Despite rumors to the contrary, they haven′t been in hiding, they seem to have been waiting, biding their time for just the right opportunity and circumstance. So, with the America′s Cup just stumbling along with only the back-markers making the news on whether or not they are out or in; the timing was right for Larry to pounce and he did!
It helps when you have billions in pocket change to fund it along, but Mr. Ellison does more than his philanthropic share here in Northern California to support our favorite sports teams, arts and operas, not to mention that he employs tens of thousands in the area as well.
So, thank you very much Larry Ellison and Russell Coutts! It was a heck of a show and I can′t wait until next year!
What is the difference in these boats between 2013 and now? “These boats are quicker than the old boats for sure”, says Tom Slingsby, skipper of the Australian Team. “It′s full on, there are some exciting moments and some scary moments! It′s just tough fleet racing these foiling boats around the track and not injure someone. The biggest difference is the speed of these boats. I know they are 20-feet shorter than the AC72′s, but just with the refinements these boats are way quicker now,” continued Slingsby who was on Oracle 17 when it catapulted during a bear-away jibe in 2012. “We saw high 40′s, maybe 48 knots this weekend and we do that every day here. I don′t think we ever hit that speed in our AC72.
“With the speeds these boats are going around the corners they are much more refined, and they keep going quicker and quicker,” explained Slingsby. “For sure there is a comparison between the two classes, but these boats are much lighter, so much more agile. If we were going to compare the two, the AC72 would be like driving a bus. They have similar speeds, but it doesn′t turn corners like this boat!”
The F50 “is a very light boat, very agile and the foils are very bouncy,” says Slingsby. “They are harder to control a bit more. It pops up on the foils much earlier.”
One of the bigger differences is that there are now only 5 crewmembers, compared to 6 in Bermuda. The grinders have been replaced by batteries.
“We were not just grinding the oil which went into different accumulators, we really didn′t know where the hydraulic oils were going,” said Slingsby of the AC50′s. “Every time now, you see the wing-trimmers trim on you know where your energy is going. Last time you kept grinding and grinding and you never knew where the oil went. You just had to keep grinding! Now these boats have batteries to do all the hydraulic functions and oil functions onboard, meaning the foils which go up and down, the wing twists, board rakes etc. all that is now done by a pump. So now the grinders are trimming the wingsail angles. The flight controllers are controlling the ride height of the daggerboards and the wing-trimmer is calling target speeds, getting the most out of the boat and controlling what mode we want to sail. The skipper is now doing tactics, pushing buttons on the wheel and trying to keep the boat going as quick as possible,” said Slingsby. Emphasizing “that SailGP is my focus now.”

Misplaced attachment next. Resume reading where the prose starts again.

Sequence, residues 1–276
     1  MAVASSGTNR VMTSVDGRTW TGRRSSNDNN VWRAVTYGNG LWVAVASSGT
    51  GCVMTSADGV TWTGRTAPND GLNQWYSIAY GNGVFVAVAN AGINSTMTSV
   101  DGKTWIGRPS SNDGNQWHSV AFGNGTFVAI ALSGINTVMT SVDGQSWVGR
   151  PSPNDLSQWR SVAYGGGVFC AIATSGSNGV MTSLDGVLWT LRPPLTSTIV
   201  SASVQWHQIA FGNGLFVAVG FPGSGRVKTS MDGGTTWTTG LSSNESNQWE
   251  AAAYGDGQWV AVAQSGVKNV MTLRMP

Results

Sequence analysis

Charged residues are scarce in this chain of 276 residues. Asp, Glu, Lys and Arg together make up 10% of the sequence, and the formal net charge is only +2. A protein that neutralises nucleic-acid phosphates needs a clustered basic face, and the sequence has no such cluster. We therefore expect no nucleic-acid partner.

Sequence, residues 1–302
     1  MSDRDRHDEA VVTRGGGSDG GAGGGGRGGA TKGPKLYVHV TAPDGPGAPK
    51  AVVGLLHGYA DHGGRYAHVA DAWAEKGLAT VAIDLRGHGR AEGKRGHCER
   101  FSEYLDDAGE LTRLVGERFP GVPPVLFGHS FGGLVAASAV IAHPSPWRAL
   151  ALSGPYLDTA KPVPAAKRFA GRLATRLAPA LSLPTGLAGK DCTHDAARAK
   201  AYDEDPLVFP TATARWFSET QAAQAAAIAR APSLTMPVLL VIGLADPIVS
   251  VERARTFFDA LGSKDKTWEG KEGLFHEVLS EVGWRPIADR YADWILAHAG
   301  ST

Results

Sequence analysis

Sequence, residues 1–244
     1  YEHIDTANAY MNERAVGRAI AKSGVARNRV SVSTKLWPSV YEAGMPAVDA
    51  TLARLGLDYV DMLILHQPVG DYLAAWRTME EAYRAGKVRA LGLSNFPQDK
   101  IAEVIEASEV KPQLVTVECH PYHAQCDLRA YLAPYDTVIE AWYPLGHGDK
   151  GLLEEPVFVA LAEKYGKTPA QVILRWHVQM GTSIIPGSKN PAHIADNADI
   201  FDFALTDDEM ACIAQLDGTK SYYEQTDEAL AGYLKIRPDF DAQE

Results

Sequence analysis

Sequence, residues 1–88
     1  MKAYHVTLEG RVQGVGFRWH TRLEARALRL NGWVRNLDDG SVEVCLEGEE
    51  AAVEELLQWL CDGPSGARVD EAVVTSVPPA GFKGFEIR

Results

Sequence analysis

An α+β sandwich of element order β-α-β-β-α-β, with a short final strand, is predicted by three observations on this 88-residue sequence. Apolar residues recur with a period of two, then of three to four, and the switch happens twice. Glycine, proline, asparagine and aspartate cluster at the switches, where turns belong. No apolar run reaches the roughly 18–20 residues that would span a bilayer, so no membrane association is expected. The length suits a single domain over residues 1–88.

Saturday (Race One)
Fresh off two weeks of intensive training on San Francisco Bay, the United States SailGP Team flew their super-charged F50 race boat in front of an American audience for the first time this weekend as the San Francisco SailGP event kicked off in front of the Golden Gate Bridge.
“Every day we′re coming out, pushing the boat and pushing as a team,” said U.S. SailGP Team Skipper, Rome Kirby. “We are right in the mix.”
Kirby and the All-American team of Taylor Canfield (St. Thomas, USVI), Riley Gibbs (Long Beach, CA), Hans Henken (Coronado, CA), and Dan Morris (Edina, MN), all have deep connections to San Francisco from either living near or racing in San Francisco Bay.
“I think it′ll be epic racing here this weekend,” said Kirby. “I′ve been fortunate enough to have done this before in the 2013 America′s Cup and when you see a full grandstand and the shores of Marina Green all lined with people, it′s a pretty cool feeling. It was incredible out there today,” said Kirby. “When you have boats flying around at 45 knots and ripping into maneuvers, it′s pretty cool. It′s super tight racing and we are right in the mix. It′s been a solid day for us and we′re looking forward to getting back out here tomorrow.”
Flying at 16-20 knots and increasingly choppy water, the six F50 foiling catamarans certainly captured the sold-out crowd′s excitement as they more than lived up to their supercharged reputation.
San Francisco Bay delivered on the opening day of SailGP, in which a sell-out crowd, seated just 200-meters from the finish line, saw the Japanese team dominate.